"Jean Blaton was the quintessential gentleman-driver," said his fellow countryman Jacques Swaters, the first Ferrari importer on the European continent. Swaters served as Blaton's boss several times in the Equipe Nationale Belge and the Ecurie Francorchamps. The 1960s were a golden era for certain entrepreneurs, some of whom chose to let loose at circuits on the weekends, including Blaton.
He came from a highly reputable family in the field of public works, the second of four children all rather keen on beautiful sporting road cars. Blaton struck up a friendship with Swaters, the Ferrari importer in Belgium, and competed in his first race in 1957 with a 166 MM near Charleroi, adopting the pseudonym "Beurlys."
The following year, Blaton took his rookie start in the 24 Hours of Le Mans. Despite deplorable weather and an incident that cost him 50 minutes, he finished sixth at the wheel of a Ferrari 250 TR shared with Alain de Changy. In 1959, he switched to a 250 GT (long body) and earned his first podium finish along with Léon Dernier (known as "Eldé"). Sadly, in 1960 he was forced to retire after leaving the track at the Dunlop curve in the third hour.
After an almost sabbatical year 1961, Blaton claimed the third step on the podium at the 1962 running of the race with a Ferrari GTO, again joining forces with Dernier. He finished in the top 5 systematically every year through 1967: fifth in 1964 (with Lucien Bianchi), third in 1965 and 1967 (with Willy Mairesse), with the exception of a retirement in 1966. His best result was second place in 1963. Having made the trip to Le Mans from Belgium by road with their racing car, Blaton, his teammate Gérald Langlois van Ophem, and their teammates Léon Dernier and Pierre Dumay (fourth) celebrated the fantastic result together with champagne in Paris, showing off their Ferrari GTOs, "shiny" after 24 hours of competition and parked in the red light district of Pigalle!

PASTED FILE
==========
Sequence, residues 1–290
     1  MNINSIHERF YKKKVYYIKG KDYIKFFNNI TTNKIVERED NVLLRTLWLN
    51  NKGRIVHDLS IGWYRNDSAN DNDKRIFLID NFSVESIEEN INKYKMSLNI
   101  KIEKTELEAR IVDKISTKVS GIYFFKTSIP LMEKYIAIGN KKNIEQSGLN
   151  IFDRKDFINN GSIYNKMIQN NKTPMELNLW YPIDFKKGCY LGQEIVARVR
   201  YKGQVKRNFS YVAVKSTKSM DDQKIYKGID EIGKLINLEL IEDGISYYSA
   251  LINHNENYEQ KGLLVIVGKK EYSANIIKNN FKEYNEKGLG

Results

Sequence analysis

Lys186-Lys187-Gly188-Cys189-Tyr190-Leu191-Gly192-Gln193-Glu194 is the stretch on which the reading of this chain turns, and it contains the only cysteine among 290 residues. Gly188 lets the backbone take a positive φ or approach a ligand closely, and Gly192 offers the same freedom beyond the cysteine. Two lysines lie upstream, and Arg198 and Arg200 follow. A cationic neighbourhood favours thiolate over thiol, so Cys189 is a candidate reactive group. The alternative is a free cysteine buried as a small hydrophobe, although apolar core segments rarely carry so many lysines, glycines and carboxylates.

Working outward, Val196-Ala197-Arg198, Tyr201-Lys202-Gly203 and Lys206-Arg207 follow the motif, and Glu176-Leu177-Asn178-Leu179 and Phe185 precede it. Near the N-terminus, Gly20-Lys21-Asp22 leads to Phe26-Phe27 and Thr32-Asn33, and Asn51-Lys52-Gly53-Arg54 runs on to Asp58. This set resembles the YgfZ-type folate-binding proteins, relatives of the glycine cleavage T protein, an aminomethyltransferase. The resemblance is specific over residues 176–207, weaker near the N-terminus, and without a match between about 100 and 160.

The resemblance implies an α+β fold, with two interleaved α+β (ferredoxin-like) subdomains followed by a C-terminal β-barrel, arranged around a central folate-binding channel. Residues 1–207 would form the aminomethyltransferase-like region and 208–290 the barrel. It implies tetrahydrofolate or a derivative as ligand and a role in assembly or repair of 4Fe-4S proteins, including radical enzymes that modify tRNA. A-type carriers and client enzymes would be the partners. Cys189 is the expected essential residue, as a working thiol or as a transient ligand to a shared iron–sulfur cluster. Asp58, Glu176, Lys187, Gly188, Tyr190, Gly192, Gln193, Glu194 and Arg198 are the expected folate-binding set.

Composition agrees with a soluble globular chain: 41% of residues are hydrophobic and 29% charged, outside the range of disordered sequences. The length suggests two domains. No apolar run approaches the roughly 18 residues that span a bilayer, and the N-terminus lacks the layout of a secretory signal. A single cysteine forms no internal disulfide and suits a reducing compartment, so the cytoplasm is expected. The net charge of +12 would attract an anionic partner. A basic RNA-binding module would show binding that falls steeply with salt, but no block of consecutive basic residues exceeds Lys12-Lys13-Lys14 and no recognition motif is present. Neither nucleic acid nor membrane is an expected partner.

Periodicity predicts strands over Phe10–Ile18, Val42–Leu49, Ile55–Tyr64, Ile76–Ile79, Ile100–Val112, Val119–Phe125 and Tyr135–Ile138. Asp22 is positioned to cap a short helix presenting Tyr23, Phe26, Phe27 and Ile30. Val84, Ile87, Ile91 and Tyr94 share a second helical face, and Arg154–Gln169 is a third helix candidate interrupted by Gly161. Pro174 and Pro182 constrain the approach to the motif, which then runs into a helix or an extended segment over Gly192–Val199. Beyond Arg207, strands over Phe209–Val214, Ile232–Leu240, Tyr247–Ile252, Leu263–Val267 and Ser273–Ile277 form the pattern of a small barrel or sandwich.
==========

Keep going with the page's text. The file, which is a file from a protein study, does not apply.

In 1967, the year of his last podium, Blaton was a priviledged witness to the great Ford-Ferrari duel. He was also the only gentleman-driver authorised to participate with the new Ferrari P4 prototype, shared with his extremely fast fellow countryman, Mairesse. Thereafter, he took the start in the 24 Hours five more times, finishing sixth in 1975 and returning with Ferrari in 1978 and 1979. That last year, he made it to the chequered flag in 12th place along with Nick Faure, Bernard de Dryver and Steve O’Rourke. Beginning in the mid-1980s, Blaton became a prominent figure at vintage races until his 70s.
In 15 participations, he took the start in the 24 Hours of Le Mans 11 times at the wheel of a Ferrari. He also welcomed a future six-time winner, Jacky Ickx, into his family when Ickx married first wife Catherine (the daugther of Blaton's older brother Ado). An entrepreneur and top-notch gentleman-driver, he was also an emeritus guitarist, rubbing elbows with jazz legends like his compatriot harmonica player Toots Thielemans.
There is no doubt Jean Blaton made his mark on the history of the 24 Hours of Le Mans, as did his fellow countrymen André Pilette, Olivier Gendebien, Lucien Bianchi, Willy Mairesse, Gérald Langlois van Ophem and Gustave Gosselin.
The Automobile Club de l’Ouest extends its warmest condolences to Jean Blaton's family and loved ones.
PHOTO (Copyright - ACO/ARCHIVES): LE MANS (SARTHE, FRANCE), 24 HOURS OF LE MANS, SATURDAY & SUNDAY JUNE 1967. Jean Blaton at the wheel of the Ferrari 330 P4 entrusted by Ferrari to importer Jacques Swaters under the coulours of the Equipe Nationale Belge.